The return of the NHL seems imminent, as the Players Association will soon vote on return-to-play protocols to restart the season this summer. Assuming an agreement is reached, that would mean both the New York Rangers and New York Islanders would return to the ice and play in the brand new qualifying round.
But aside from their opponents in that opening round, everything else surrounding their return to action is up in the air.
Rangers Ready For The Storm
Under normal circumstances, the Rangers (37-33-5, good for seventh in the Metropolitan) would’ve missed out on the playoffs for the third straight season. Instead, they’ll enter the qualifying round as the 11th seed out of the 12 Eastern Conference teams resuming play. That means a best-of-five series against the No. 6 Carolina Hurricanes (38-30-5).
They’ll presumably have everyone back, including left wing Artemi Panarin and center Mika Zibanejad. The dynamic duo carried the Rangers during the regular season, with Panarin putting up 32 goals and 63 assists, and Zibanejad scoring 41 goals to go along with 34 assists.
Along with center Ryan Strome (59 points) and defenseman Tony DeAngelo (53 points), the Rangers are also expected to get left wing Chris Kreider back into the lineup. The veteran winger broke his foot on Feb. 28 but is now fully healthy and ready to go when play resumes.
Although Carolina was the fourth-place team in the division, three spots ahead of the Rangers, just two points separate them in the standings. New York also won all four contests against them during the regular season.
The qualifying-round matchups won’t be released until the NHL’s return is 100% official, but the Rangers have +5000 odds to win the Stanley Cup, while the Hurricanes are just slightly higher at +4500.
Islanders Aim To Calm The Cats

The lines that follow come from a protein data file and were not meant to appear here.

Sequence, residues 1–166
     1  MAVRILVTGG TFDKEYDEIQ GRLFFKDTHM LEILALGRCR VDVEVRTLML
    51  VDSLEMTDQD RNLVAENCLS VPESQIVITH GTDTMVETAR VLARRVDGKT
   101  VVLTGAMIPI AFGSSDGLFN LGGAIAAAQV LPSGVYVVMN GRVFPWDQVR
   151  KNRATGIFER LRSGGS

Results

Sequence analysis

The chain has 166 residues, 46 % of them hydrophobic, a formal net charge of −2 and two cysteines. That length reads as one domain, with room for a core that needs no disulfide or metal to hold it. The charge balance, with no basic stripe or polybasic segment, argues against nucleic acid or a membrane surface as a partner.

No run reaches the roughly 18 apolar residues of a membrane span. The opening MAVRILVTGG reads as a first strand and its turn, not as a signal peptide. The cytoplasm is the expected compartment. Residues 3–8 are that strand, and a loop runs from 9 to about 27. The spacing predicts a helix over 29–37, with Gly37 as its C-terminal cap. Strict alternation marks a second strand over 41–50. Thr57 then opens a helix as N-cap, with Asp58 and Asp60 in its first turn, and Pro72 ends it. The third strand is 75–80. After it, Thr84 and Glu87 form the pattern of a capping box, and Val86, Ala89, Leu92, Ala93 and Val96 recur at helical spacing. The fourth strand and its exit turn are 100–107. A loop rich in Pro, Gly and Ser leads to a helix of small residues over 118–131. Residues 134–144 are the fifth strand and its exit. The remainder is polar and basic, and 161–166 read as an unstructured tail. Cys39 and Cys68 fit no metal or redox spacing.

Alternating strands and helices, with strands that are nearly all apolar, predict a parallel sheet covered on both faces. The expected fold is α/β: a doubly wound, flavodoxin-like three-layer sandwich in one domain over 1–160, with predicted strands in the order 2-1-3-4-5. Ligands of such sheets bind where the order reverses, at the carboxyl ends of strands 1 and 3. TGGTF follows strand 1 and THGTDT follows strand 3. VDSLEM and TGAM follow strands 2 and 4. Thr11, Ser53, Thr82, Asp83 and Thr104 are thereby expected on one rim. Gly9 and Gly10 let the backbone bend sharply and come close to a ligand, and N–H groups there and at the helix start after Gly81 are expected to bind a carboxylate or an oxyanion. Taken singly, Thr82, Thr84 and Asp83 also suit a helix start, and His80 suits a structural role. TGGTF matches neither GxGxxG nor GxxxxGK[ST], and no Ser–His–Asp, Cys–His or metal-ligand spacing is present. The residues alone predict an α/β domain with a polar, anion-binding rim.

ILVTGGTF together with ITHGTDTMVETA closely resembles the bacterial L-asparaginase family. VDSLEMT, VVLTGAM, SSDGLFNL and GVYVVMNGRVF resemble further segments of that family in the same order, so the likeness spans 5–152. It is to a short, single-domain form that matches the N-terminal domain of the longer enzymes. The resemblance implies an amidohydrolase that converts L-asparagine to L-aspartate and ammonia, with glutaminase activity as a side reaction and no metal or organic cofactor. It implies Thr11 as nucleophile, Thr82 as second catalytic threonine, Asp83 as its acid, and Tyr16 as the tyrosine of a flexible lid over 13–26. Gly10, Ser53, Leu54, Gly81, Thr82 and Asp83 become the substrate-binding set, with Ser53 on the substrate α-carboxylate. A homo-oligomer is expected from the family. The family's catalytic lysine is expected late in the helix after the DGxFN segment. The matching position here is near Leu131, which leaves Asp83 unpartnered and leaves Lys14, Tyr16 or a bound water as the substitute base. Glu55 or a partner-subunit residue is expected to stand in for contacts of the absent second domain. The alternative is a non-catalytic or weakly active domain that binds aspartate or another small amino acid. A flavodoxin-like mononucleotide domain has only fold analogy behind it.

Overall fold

Before the season came to a halt, the Islanders (35-33-10 good for sixth in the Metro) were in free fall, dropping seven games in a row and eight of 10 overall. However, plenty of time has passed, and now they’ll begin the qualifying round as the East’s seventh seed.
As for their opponent, the No. 10 Florida Panthers (35-34-8) stand in the way of the Islanders advancing to the next round.
Like the Rangers, you can expect the Islanders to have all of their players healthy and ready to play when the series begins. Center Matthew Barzal, who scored 19 goals with a team-high 41 assists, leads a group that also includes the team’s leading goal-scorer, center Brock Nelson, who reached 26 goals this year.
Defenseman Johnny Boychuk is fully-recovered from his gruesome eye injury, and left wing Josh Bailey and defenseman Thomas Hickey will also be healthy. Left wing Anders Lee (43 points) and right wing Jordan Eberle (40 points) join the three aforementioned forwards as the players who reach 40 points or more for New York this season.
Just like most of the Eastern Conference matchups, just a few points separate each team in the standings. In this instance, the Islanders and Panthers are only two points apart, with New York having played one fewer game.
The Islanders dominated the season series against Florida, winning all three contests. As far as odds go, the Islanders are +5000 to win it all, while the Panthers are tied for being the biggest longshots at +5500.
Even though it’s nice to know who your opponent will be, the Rangers, Islanders, and remaining 22 teams want to know where they will be playing. Earlier this week, reports confirmed that the NHL had narrowed their list of potential hub cities to six choices.
Among them, Toronto is the only one located in the Eastern time zone. Chicago, Los Angeles, Las Vegas, Vancouver, and Edmonton are the other finalists.
The plan is for one conference to be in one city and for the other conference to be in another city. Each city is making its pitch to both the NHL and the Players Association on how well they can maintain the safety bubble required for a return to play, as well as how solid their lodging and transportation will be.
There is no word yet on when a final announcement regarding the two hub cities will be made, nor is there a plan for where a Stanley Cup Final would be played.
There’s also the No. 1 draft pick that now looms over the 16 teams in the qualifying round. Friday night’s draft lottery resulted in a mystery team earning the first overall pick, meaning that one of the eight teams that lose in the qualifying round will have a chance to secure it.
Phase two of the lottery will occur between the qualifying round and the first round of the playoffs, with all eight teams having equal 12.5 percent chances to win the pick, widely expected to be used on left wing Alexis Lafreniere. So even if the Rangers or Islanders drop their opening series, a pretty nice consolation prize may be awaiting them.